Analysts at the Australian Bureau of Meteorology have some explaining to do. In the last two years some 900 mm of rainfall have been removed from the rainfall record of the Murray-Darling Basin.
Shock Murray-Darling Basin discovery
Analysts at the Australian Bureau of Meteorology have some explaining to do.
In the last two years some 900 mm of rainfall have been removed from the rainfall record of the Murray-Darling Basin. This startling discovery was made by comparing the annual Murray-Darling Basin rainfall reported on the Bureau of Meteorology website in August 2008 and the same report found yesterday.
The annual rainfall figures are shown as reported in October 2010:
Yearly rainfall in the Murray-Darling Basin from 1900 to 2009 as reported in October 2010 with a mean value of 467 mm (solid line).
There is no significant trend in rainfall through this period but there is large variability with rainfall extremes of a 257 mm minimum and a 787 mm maximum.
The comparison with the August 2008 report is revealing. The difference is a decrease of 900 mm rainfall in the 2010 report. The significant decrease occurs after 1948:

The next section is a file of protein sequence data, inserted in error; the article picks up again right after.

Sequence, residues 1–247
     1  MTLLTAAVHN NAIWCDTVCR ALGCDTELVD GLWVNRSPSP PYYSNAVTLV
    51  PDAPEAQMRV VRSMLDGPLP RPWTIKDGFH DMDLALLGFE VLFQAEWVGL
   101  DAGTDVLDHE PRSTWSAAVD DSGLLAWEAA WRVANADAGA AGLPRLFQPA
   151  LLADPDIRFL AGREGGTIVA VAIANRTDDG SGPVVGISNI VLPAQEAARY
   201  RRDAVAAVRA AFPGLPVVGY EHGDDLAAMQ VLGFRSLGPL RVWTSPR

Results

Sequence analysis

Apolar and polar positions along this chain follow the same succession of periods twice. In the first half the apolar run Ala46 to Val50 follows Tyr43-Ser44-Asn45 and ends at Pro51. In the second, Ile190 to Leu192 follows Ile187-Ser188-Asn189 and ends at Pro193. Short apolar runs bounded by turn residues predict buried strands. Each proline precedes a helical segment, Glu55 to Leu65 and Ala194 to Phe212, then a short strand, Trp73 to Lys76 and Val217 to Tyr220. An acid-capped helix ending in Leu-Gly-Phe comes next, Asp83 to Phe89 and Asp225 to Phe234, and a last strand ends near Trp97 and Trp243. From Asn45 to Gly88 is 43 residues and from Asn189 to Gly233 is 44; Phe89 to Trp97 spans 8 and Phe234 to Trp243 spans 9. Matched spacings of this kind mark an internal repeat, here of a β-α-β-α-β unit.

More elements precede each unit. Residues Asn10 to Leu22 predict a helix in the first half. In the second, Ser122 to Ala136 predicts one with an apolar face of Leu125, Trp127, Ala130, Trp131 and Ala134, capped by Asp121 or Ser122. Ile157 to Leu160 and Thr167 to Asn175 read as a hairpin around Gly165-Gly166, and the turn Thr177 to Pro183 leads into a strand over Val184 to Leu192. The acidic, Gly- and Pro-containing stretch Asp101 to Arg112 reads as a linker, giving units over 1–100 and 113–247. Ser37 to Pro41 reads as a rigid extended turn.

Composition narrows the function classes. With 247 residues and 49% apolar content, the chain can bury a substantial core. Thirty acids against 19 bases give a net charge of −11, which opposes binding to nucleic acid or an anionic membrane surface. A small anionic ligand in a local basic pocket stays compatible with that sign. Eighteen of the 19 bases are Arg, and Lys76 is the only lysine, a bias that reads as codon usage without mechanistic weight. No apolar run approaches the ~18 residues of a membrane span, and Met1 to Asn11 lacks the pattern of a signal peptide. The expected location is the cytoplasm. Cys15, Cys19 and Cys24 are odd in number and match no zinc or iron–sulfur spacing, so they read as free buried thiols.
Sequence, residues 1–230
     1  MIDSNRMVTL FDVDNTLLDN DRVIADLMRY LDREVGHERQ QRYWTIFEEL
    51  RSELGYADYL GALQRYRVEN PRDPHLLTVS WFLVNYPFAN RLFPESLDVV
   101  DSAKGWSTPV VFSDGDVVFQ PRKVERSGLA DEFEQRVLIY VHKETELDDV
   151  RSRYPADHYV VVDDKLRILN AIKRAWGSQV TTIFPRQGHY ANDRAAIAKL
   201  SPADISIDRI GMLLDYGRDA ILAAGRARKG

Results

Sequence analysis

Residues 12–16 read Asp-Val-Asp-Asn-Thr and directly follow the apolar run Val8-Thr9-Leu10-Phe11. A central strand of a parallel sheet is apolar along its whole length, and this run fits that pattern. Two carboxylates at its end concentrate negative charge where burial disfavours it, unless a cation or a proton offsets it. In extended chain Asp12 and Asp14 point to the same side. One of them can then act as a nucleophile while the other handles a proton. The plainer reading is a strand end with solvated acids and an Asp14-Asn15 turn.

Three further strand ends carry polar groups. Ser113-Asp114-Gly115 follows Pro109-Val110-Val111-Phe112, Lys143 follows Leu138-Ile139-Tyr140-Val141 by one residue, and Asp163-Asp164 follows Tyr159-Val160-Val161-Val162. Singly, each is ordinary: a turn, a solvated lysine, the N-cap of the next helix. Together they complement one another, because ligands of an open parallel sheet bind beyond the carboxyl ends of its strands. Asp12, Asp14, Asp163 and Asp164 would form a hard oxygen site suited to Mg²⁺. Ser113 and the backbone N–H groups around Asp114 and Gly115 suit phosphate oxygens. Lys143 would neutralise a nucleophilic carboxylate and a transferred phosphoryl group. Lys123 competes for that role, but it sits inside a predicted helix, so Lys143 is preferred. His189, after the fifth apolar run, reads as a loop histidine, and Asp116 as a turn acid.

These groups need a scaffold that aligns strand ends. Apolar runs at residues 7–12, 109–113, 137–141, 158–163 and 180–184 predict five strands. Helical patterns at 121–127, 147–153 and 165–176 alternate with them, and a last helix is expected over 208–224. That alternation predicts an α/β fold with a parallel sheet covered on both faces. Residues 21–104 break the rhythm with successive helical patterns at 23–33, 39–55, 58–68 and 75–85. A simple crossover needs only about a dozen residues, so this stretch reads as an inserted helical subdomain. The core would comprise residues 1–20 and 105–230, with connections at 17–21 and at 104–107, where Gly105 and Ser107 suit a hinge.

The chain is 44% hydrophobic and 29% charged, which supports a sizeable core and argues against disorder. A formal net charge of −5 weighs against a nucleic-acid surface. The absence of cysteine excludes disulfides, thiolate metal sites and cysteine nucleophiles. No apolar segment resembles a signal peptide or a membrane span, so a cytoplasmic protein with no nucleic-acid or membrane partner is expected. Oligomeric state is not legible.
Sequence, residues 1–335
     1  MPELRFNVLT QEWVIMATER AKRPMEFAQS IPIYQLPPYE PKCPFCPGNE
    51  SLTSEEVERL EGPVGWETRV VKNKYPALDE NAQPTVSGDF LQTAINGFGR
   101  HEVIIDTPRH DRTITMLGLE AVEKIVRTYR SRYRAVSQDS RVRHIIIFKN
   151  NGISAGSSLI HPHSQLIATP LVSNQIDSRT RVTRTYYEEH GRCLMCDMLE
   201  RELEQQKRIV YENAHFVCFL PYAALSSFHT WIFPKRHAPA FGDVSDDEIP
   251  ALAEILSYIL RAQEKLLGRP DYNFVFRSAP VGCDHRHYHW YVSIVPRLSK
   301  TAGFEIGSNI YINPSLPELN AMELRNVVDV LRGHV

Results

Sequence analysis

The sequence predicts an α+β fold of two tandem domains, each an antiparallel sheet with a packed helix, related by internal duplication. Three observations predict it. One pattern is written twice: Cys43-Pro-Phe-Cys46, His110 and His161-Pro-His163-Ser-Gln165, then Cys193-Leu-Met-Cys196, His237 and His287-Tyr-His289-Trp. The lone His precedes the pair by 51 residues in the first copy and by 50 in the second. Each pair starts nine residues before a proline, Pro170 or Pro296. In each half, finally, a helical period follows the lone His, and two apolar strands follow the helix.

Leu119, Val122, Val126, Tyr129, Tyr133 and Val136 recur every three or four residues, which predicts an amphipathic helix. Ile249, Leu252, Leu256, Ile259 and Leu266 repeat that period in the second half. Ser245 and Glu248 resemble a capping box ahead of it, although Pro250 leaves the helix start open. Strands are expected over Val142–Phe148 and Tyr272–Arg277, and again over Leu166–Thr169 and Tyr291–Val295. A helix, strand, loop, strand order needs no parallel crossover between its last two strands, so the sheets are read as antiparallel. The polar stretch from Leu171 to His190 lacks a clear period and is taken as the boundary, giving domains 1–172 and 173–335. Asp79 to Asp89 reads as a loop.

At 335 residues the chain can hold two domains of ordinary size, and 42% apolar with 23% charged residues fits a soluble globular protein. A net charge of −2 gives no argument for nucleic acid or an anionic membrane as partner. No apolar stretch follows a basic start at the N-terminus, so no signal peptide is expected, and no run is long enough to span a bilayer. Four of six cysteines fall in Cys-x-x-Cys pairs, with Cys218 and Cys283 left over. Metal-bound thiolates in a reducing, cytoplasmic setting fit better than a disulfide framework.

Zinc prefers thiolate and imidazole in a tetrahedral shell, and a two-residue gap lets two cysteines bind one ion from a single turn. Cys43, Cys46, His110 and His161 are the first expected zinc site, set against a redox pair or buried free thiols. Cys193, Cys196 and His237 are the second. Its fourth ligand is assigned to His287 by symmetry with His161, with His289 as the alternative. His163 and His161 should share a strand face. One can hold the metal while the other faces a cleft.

Changes to Bureau of Meteorology record of Murray-Darling Basin rainfall. Data downloaded August 2008 and October 2010
The Bureau is already on record adjusting Australian temperature measurements and they now appear to have turned to rainfall, making the last 60 years drier than previously reported.
One can understand that adjustments might be made to a few of the most recent years as records are brought up to date but a delay of forty or fifty years seems a little long.
This raises the question how certain is the data that is used by policy makers?
When we are confronted by apparently definitive forecasts of our future with rising temperatures and less rain, are we living through a period that brings to mind the Polish radio announcement of Soviet times?:
The future is certain only the past is unpredictable.
UPDATE: Read Tom Quirk’s postscript to this article here